Most of what goes for ‘thinking’ in our culture is not anything like. There is nothing more exhausting than having a conversation with someone who conceives of thinking in terms of:

  • venting or complaining;
  • vacillating back and forth;
  • wishing or moping;
  • going round and round.

If someone insists on venting, then the proper question is: “What could it possibly mean to get something out, out of you, especially when we are only ever beings-in-the-world? What magical thinking is this ‘exorcism’ anyway?” Our thoughts do not ‘leave us,’ because they are always ‘with us’ and, being with us, they have nowhere else to go. Besides, venting is what children do when they have not learned how to think properly about themselves or others. If an adult vents too often, then he is no friend of mine. He is also not an adult.

Vacillating back an forth is not reasoning, for nothing is reasoned through or “tied down.” Philosophers mull over and consider; we do not vacillate.

Wishing is a fool’s game. It is also self-indulgent inasmuch as it supposes that the world, having been ‘unfair to me’ so far, ‘owes me something’ for having been so. Nonsense. “I wish I weren’t like this.” That is a very silly thing to say. “I wish I weren’t in this relationship.” Wouldn’t you be better off learning to put yourself to the question? Or are you afraid of what you might learn about yourself?

Finally, going round in circles (e.g., becoming overly preoccupied with something, being obsessed, worrying) is not thinking properly. I’m not even sure going round qualifies as thinking, as I understand this graceful activity. Going in circles implies that the one who goes on this way has not learned how to examine what ails him and is only self-indulgent. “This should not have happened to me. Why did this person do this to me? Why doesn’t he love me?” Those are not questions, in truth. They are only the superficial balms of silliness and thus are not really balms at all. There is a sense in which this person cannot be talked with.

What might a good inquiry look like? 

It is difficult to describe the nature of a good inquiry outside of the practice of philosophy. (Discourse about inquiry–i.e., meta-inquiry–is not inquiry proper.) Suffice it to say, most people’s talk would not count as good inquiry, let alone inquiry, and I am inclined to think that few are so capable. To make the implicit nature of inquiry somewhat more explicit, though, let me offer a fairly rudimentary example.

One conversation partner has a very scientific cast of mind. It is marvelous. She has the capacity to ask a question, to see it as the question to ask, here and now, and to examine the source of mystery or the wellspring of joy.

With her, I reason almost exclusively in terms of venturing hypotheses. There is fitness (pun intended: keep reading) in this hypothesis-venturing. In one respect, we must be strong enough to stay with the question. (Most people lack the attention and easily trail off or turn away. They are easily distracted.) In another respect, we are seeking a ‘fitting’ explanation, one that properly fits the experiences she has had. Rigorously, we essay many hypotheses during a 2 hour conversation, then watch as they go awry, one after another. The correct answer comes after some considerable pauses, examination, re-evaluations, and a final sense of harmony.

It is of the first importance to understand that the point we reach is thereby “tied down,” fundamentally changing how she understands herself in the world. The following conversation may begin “just here.” If we go back, it is only to remind ourselves of a path that has ended (fallen cherry blossoms) or to honor what we love fondly (buttery grass, as one conversation partner put it).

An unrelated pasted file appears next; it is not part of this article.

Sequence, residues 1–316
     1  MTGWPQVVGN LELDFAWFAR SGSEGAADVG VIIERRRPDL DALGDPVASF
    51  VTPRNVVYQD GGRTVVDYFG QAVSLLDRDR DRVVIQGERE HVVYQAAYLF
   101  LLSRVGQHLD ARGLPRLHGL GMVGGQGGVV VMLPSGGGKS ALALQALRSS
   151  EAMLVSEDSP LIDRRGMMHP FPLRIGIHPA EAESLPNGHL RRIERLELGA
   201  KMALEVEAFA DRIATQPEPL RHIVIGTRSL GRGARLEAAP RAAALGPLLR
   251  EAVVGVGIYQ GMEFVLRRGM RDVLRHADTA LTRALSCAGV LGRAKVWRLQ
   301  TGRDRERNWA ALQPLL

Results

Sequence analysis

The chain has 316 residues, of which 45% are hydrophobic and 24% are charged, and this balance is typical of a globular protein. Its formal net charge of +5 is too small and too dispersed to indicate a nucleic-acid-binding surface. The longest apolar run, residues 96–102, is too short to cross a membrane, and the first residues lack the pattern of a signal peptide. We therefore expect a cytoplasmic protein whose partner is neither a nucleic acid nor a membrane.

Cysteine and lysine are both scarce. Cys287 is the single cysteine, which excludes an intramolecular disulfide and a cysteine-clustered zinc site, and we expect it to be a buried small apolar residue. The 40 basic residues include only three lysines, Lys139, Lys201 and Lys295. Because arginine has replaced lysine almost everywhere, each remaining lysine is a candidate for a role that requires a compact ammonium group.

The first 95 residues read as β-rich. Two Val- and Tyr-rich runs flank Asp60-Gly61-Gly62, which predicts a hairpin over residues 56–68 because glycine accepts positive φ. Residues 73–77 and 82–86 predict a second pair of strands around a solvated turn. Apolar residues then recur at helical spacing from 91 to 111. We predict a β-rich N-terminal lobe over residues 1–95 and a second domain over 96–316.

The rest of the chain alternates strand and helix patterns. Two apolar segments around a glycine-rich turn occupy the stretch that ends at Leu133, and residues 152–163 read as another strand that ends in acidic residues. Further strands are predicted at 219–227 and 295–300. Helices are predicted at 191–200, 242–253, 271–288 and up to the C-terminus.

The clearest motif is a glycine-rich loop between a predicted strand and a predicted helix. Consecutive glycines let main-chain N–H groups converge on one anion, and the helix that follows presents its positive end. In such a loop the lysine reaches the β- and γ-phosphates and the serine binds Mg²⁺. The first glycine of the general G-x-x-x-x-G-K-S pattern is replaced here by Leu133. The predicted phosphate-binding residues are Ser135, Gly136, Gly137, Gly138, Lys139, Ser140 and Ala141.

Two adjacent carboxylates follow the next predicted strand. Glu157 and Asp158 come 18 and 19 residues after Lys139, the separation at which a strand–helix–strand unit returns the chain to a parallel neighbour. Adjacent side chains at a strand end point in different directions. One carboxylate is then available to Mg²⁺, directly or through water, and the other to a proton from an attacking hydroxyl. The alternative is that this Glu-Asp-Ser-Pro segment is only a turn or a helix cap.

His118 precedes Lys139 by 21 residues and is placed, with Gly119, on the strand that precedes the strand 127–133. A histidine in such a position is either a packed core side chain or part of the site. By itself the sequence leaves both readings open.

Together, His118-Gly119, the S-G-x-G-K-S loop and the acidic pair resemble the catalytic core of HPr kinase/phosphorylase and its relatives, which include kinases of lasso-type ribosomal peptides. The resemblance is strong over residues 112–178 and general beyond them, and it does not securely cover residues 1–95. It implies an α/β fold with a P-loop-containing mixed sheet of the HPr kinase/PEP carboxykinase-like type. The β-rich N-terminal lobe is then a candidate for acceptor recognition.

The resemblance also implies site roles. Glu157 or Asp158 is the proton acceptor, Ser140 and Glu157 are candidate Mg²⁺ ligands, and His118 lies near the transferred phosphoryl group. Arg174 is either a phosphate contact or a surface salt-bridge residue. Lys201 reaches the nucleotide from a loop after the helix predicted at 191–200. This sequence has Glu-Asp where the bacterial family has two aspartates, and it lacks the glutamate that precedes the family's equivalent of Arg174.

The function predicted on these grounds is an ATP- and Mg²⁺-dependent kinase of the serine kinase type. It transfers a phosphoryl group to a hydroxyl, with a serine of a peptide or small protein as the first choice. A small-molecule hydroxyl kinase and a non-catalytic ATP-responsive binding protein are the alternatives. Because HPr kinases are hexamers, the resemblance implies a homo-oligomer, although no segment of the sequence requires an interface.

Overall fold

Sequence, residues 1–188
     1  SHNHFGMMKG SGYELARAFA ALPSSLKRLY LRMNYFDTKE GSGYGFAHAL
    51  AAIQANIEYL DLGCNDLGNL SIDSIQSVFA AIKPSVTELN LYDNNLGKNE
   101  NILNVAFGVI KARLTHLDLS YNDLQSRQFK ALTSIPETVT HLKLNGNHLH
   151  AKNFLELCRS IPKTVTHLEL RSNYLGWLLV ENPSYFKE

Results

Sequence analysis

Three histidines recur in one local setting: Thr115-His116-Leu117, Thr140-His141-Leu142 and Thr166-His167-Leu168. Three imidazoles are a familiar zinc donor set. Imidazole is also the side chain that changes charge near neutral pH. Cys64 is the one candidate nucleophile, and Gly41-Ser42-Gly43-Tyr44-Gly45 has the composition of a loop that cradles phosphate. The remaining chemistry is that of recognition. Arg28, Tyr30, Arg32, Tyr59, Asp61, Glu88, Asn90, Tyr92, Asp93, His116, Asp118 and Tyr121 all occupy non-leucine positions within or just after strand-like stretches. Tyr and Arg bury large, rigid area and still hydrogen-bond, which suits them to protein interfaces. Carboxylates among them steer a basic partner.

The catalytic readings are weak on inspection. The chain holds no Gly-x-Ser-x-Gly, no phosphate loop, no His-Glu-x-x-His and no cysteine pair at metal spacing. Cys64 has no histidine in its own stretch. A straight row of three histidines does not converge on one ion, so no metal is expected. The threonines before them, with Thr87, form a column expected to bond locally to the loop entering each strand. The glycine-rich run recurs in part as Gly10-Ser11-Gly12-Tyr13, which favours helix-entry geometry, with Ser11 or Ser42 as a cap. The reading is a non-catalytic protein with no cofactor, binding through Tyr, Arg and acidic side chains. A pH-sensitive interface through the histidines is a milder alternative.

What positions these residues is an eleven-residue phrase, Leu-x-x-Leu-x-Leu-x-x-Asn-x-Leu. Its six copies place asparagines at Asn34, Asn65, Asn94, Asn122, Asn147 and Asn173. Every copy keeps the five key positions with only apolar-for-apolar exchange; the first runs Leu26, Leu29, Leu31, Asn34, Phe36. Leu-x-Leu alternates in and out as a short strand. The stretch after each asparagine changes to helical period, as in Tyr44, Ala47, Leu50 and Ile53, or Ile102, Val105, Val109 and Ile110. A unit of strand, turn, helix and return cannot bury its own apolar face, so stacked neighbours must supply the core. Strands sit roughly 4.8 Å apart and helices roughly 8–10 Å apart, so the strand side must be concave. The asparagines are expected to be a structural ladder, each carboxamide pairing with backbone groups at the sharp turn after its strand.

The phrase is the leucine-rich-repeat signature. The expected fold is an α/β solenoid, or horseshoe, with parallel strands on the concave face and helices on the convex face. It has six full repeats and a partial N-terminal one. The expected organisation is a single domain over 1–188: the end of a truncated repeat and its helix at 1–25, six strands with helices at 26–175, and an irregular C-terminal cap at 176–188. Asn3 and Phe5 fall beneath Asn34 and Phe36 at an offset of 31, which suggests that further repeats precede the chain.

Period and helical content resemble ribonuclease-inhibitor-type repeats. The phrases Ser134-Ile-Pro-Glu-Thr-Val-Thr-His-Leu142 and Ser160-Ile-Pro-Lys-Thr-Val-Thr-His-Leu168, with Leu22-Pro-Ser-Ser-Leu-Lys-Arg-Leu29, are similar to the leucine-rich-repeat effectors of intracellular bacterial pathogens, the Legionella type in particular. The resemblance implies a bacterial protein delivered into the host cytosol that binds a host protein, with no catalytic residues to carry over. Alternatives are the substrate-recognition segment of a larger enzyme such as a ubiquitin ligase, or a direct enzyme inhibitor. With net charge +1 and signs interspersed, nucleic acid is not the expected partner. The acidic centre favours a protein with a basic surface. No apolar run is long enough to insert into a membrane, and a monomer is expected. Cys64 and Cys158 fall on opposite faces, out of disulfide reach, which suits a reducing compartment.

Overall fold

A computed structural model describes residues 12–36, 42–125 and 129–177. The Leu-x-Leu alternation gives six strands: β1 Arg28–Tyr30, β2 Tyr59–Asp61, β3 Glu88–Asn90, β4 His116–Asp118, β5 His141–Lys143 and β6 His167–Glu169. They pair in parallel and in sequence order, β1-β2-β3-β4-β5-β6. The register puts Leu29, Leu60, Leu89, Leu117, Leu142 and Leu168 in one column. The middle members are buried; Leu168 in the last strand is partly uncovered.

What might be an example of ascesis

This past summer, I wrote an essay whose conclusion was that the conception of the career is going out of existence. The claim was not that this or that career was going away but that the career as an organizing conception of human life in modernity was coming to an end. I admitted that this was a speculative thesis, though I find it no less compelling now than I did then.

Let me be clear: I am not talking about the frequency of career change. I am not speaking of “stalling” careers or “slower” career progression. And I am excluding from my analysis the few remaining professions such as law and medicine, professions where the concept still applies.

If, in general, the conception of the career is failing to track lived social reality, then in-house and remote freelancers, writers (excepting those who teach at universities), consultants (excepting those attached to large consulting firms), immigrant workers, small business owners, social entrepreneurs, former academics, project managers–in a word, the growing labor force in the developed world–have no business whatsoever speaking of their lives as “following” careers. None. (Does a plumber have a career? No, he is a craftsman.)

The implications of this spiritual exercise are potentially more far-reaching than it would seem, especially but not exclusively for my life. For the concept of the career is not a single concept but one that exists within a conceptual framework that includes life plans, worldly ambition, networking, promotions, climbing the ladder, achieving social recognition or social status, etc., and these concepts must be let go of along with the career. For how could I climb a ladder without also being a part of an organization, and how could I achieve long-term social recognition among my peers unless I created a range of pieces that could possibly be well-received within a stable institution (say, the art world)? (Artists have never had careers. They may have a body of a work.)

Provided I live according to this “tied-down” conclusion, how my live might go would have to change radically. It has. In my philosophy practice, I am now deeply attuned to doing well by a few likeminded others within a larger conception of a way of being in the world. When I am talking with another, with this other, I am not hedged on all sides by the pseudo-question: shouldn’t I be elsewhere, doing something else or more or better ‘with’ my time? (As if time were something you did something with. Time is not a sexual object.)